I took in a drama course my senior year of high school and wrote a brief play based on T. S. Eliot’s poem “Portrait of a Lady,” a poem in which Chopin figures prominently. The girl I cast as the titular lady said “Chop-in,” and was surprised when I corrected her. (This paragraph is meant to illustrate how I can be a pretentious twit sometimes. Discuss!)
Currently, the middle school girls at my ballet studio are dancing to a piece by Chopin, and they wrote character sketches to fuel the expression of their steps. The spellings have been creative — Chopan, Shopin, and my personal favorite:
That’s all… something something, and all you need to know. Or whatever. Mary Poppins only says the first bit so I don’t remember.
This week at the Baltimore Symphony Orchestra, Arabella Steinbacher proves she has excellent taste, assuming she made the call to perform the Beethoven Violin Concerto. If that isn’t enough for you (weirdo), perhaps you’ll be swayed by Weber‘s Euryanthe overture and Schumann’s “Rhenish” symphony (that’s number 3). April 26 at Strathmore; April 27 & 28 at the Meyerhoff. [ See it! ]
Why we’re on the subject of the BSO, the annual Decorator’s Show House opens April 29. Wander through a fully decorated home and pick out what you want like some kinda high-class Ikea, only instead of sending your money to the Swedes a portion of the proceeds will benefit the BSO. [ See it! ]
No National Symphony Orchestra concert for a couple weeks as far as I can tell.
This week at Strathmore, we’ve got Turkish music, gypsy jazz, Tin Pan Alley jazz songs, Moscow Soloists Chamber Orchestra with Yuri Bashmet and Mischa Maisky, Sarah Chang playing everyone’s favorite Mendelssohn violin concert (personal note to concert violinists: CEASE AND DESIST), and more. [ See the calendar! ]
And so goes the final match of round 3, as I predicted: with Brahms the winner. But Grieg, sir, let it not be said that you didn’t put up a valiant fight. In deference to your heroic effort, we are throwing Brahms directly back into the ring. Immediately! Without rest! Against one hell of a competitor!
Who cares about your lonely soul? We strive toward a larger goal: awesome music.
You know what musical theater version of a character really rubs me the wrong way? Marius Pontmercy. What a wishy-washy starry-eyed compound-word-drip. And yet I love Les Miserables (the musical) (the book was okay) just the same. Enjolras gets my seal of approval. And that is why I applaud the Baltimore Symphony Orchestra‘s BSO SuperPops for this week’s concert, which is all Les Miz, all the time! April 19 at Strathmore; April 20 – 22 at the Meyerhoff. [ See it! ]
If your small child isn’t ready for really sickening declarations of love and French people killing each other, skip Les Miz and stick with Babar. Yes, the elephant! Apparently his life has been scored by Poulenc. Who knew? April 21 at the Meyerhoff. [ See it! ]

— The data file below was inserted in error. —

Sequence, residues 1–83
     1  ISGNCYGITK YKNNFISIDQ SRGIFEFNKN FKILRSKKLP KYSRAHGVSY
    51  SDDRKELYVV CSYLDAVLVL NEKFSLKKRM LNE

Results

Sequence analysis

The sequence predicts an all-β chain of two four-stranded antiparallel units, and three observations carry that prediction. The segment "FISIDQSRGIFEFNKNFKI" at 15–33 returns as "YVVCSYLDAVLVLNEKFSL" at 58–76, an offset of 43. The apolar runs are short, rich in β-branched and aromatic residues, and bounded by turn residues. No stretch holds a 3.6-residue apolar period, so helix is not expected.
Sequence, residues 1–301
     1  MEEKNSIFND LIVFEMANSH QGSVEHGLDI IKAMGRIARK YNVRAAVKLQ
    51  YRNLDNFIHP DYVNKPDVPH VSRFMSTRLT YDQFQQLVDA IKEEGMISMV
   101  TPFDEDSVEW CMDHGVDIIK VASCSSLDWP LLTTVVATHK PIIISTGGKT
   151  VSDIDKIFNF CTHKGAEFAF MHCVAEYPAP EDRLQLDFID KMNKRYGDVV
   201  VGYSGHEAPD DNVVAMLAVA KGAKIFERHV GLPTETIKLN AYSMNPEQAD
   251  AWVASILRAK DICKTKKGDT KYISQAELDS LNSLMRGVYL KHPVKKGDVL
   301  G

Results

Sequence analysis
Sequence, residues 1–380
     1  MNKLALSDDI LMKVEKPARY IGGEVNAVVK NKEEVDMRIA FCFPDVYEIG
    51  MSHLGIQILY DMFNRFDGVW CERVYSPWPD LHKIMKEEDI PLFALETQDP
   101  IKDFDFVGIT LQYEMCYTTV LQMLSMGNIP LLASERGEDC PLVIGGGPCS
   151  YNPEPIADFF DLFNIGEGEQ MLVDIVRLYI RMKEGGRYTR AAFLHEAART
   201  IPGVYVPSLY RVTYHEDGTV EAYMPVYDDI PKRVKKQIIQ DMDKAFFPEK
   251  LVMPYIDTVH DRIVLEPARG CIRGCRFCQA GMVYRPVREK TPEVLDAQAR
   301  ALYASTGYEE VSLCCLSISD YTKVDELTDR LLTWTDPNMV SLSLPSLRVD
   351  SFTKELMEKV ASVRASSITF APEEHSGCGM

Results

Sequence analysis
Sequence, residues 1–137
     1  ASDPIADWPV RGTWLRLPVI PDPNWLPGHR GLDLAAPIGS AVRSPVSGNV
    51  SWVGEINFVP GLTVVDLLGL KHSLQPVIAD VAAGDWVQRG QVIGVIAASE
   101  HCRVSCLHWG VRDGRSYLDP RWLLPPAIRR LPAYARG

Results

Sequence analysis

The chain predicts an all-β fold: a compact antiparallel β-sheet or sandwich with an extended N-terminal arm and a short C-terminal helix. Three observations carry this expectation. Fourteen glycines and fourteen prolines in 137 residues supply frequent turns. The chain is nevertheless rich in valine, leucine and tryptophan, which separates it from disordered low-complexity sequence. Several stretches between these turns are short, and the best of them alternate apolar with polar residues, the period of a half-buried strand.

The National Symphony Orchestra, by contrast, remains strictly classical this week, with Rachmaninoff‘s first piano concerto, Elgar‘s first symphony, and a suite by Bridge. [ See it! ]
This week at Strathmore, William Bolcom and Joan Morris hang together and assortment of pop stars and jazz vocalists swing on by. [ See the calendar! ]
I don’t work in the hospitality department at the music center, but I’m just a few cubicles over from the people who do, plus we share a refrigerator.
Sometimes I open said refrigerator and see impressive-looking foodstuffs labeled with an emphatic “DO NOT EAT.” Right now there is a fruit pie bearing these very words. This means that the food is intended for a visiting performer.
I hear some interesting stories about the requirements built into artists’ contracts, not just in the area of food but also the layout of the green room and the behavior of the audience. I’m going to be super-lame here and not name any names in the interest of not getting in trouble with The Man, but here are some anecdotes:
One pop star stipulated that the green room must be stocked with multiple specific types of alcohol, including some very expensive bottles of wine. She mostly didn’t drink it.
A combination actor-singer consented to a meet-and-greet before his concert, but he refused to take photos with individuals — groups only — and made one girl change her homemade fan shirt as it was dubbed a bit too amorous (okay, fair enough).
I’ve heard about quite a few performers who absolutely refused to allow anyone to enter the hall once the concert had started; anyone who was late would have to wait until intermission to take their seats.
Other requested items: black and white pillows, halogen desk lamps, a “comfortable” space (er, yes, but in what regard? No further details provided)
I may sound a little snarky, but it’s mostly just salt — no one ever asks me what kind of baked good I want when I arrive in a new town; of course, the only thing standing between me and acres of bread pudding is a dearth of talent and charisma. But it also makes me giggle, because somewhere out there is a musician who receives a fruit pie everywhere he goes.
All right, professional musicians and performers of all stripes, I know you’re out there in my sea of readership. Give me the list of your demands! And how about those who cater to the whims of others — what are the most ridiculous requests you’ve fielded?